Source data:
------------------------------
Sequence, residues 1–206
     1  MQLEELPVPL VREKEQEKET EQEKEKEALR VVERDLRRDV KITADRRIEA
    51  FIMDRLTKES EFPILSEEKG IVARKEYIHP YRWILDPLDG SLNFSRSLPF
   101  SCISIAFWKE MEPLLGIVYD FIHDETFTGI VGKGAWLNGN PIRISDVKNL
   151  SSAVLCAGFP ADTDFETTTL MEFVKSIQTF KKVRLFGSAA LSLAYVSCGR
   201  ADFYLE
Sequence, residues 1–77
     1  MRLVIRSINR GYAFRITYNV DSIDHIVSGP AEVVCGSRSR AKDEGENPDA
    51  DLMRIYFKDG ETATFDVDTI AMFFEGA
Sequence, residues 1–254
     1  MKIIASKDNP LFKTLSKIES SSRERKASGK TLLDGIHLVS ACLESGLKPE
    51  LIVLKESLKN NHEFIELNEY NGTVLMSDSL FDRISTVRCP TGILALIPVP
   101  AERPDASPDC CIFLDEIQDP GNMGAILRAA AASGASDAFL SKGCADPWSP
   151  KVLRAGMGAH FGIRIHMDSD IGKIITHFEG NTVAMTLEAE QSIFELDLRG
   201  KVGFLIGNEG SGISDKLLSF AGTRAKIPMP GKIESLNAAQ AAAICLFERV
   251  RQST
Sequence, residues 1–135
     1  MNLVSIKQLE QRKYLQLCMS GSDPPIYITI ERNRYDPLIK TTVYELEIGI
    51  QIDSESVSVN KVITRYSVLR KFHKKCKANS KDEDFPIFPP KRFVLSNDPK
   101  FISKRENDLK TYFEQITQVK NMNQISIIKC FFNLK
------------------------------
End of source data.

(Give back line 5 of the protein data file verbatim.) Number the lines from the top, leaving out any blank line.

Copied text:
   151  SSAVLCAGFP ADTDFETTTL MEFVKSIQTF KKVRLFGSAA LSLAYVSCGR